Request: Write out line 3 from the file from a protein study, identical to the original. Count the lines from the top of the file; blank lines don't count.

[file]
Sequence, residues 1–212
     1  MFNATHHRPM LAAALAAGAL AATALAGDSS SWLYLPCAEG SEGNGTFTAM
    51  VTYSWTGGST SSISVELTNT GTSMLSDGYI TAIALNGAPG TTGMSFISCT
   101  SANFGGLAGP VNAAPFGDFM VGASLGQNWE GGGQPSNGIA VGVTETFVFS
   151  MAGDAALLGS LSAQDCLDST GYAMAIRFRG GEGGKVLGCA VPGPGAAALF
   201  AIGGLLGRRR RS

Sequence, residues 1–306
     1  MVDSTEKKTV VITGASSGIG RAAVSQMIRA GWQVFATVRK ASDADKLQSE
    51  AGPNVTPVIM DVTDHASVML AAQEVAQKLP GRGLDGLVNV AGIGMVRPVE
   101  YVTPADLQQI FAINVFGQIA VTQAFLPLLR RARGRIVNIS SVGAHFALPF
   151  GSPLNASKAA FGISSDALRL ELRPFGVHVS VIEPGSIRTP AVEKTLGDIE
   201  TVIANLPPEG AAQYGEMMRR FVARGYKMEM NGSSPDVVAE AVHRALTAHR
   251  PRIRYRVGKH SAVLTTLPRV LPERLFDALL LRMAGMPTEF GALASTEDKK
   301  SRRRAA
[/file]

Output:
    51  VTYSWTGGST SSISVELTNT GTSMLSDGYI TAIALNGAPG TTGMSFISCT